Talk Prep – Out Loud
I promised that I would share part of the journey to my talk in Australia in June. I do this because it will help me make more sense of what I am trying to accomplish and it will also let me share the prep that goes into making a TED-style talk; something totally new for me.
As a side note, I was very happy to learn that Harold Jarche will also be speaking on the Workplace Learning track, as will Joyce Seitzinger. It will be nice to see Harold again, and I look forward to meeting Joyce.
There’s a pretty good raft of resources available to tell you how to prep for a TED-style talk, to say nothing of having a lot of TED talks to watch and follow. The thing is, you need to dig deeper into the structure of the talk to get a better sense of how they work. I’m here to tell ya: its more complicated than it looks.
I started by sharing out a few thoughts and sketched out some ideas for what I wanted to convey. The challenge on my end is that I’m trying to weave together two disparate work scenarios into a single, cohesive talk. But after listening to some aloud narration (while driving) of the bits I had assembled, it was clear that I needed to go back to basics.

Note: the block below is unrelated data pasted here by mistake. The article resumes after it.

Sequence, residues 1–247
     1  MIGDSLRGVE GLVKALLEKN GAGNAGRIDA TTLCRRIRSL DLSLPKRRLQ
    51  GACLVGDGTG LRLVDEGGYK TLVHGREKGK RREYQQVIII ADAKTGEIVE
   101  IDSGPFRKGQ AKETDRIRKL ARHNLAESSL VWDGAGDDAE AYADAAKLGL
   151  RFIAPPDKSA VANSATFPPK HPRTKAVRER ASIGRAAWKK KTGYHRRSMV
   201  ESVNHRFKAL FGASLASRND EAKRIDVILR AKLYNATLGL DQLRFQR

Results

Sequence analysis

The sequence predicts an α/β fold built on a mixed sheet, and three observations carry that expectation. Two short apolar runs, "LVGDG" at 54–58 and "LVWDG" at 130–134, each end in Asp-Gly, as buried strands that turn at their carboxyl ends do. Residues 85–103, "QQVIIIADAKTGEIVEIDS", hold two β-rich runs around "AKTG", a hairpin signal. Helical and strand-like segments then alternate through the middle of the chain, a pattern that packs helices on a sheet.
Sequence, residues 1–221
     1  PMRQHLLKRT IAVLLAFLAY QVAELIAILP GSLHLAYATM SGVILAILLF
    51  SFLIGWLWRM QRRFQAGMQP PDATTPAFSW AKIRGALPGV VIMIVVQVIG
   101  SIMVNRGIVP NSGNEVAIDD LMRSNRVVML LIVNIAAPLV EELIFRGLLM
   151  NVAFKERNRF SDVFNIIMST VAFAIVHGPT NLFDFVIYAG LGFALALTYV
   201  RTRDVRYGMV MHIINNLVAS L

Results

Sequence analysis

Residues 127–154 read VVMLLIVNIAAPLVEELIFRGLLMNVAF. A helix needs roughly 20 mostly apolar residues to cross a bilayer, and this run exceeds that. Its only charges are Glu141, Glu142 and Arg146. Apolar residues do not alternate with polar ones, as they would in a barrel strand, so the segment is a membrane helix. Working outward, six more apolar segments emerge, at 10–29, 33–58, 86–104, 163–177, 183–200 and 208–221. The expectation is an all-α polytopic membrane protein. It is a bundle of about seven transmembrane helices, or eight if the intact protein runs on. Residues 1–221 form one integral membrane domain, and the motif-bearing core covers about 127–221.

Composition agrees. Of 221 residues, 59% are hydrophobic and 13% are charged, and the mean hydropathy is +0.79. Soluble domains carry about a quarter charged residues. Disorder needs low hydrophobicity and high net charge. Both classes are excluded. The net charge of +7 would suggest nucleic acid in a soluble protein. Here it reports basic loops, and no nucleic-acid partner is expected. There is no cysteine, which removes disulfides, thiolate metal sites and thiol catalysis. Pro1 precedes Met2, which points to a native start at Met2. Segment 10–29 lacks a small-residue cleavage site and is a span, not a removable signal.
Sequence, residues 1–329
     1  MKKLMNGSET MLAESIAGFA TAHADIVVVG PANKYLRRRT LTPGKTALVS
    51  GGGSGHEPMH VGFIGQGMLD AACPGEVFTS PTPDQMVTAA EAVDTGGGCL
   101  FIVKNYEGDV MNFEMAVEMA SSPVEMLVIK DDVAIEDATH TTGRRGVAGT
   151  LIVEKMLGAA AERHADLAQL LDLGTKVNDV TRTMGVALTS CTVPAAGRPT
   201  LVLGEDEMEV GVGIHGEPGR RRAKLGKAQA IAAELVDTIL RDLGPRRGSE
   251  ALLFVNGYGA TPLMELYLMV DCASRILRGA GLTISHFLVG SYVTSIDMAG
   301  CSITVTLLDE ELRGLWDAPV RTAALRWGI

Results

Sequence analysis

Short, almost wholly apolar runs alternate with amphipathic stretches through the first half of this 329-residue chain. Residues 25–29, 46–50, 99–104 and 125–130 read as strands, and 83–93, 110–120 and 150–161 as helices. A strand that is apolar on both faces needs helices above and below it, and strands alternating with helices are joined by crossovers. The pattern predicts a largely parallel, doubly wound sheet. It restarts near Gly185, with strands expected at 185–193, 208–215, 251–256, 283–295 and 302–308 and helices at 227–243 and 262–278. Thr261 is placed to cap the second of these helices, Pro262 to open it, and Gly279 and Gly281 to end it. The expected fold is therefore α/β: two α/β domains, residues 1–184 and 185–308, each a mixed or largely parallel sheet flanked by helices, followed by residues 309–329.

As much as I like things like rapid prototyping or successive approximation, it wasn’t working for the talk. That was one of the dangers of seeing what “done” looked like; I wanted to start replicating various elements of what I was seeing and hearing in many of these talks. To that end I was using Evernote to draft and re-draft, and edit the speech, but it wasn’t working. Mural.ly was a tool I really liked for its replication of a post-it framework for brainstorming, but they changed their pricing model since I used it last and the cost was too hard to justify. I didn’t see any similar tools that would connect to Evernote, so I went back to a tried-and true approach: mind mapping.
Somewhat chastened at not going this route in the first place, I took the 5 key take-always from my talk and used them as the major points from which to add and link ideas. I am going to keep building these ideas and start to connect them. In some ways this goes back to what I did in grad school with the rubric and assignment outlines. I would use the questions from there to form the main headings in a paper and that kept me on track. Simple and formulaic, sure, but it kept me on-task and focused on what I was doing.
I am hopeful this approach for my talk will have similar results.
More to come as the talk evolves.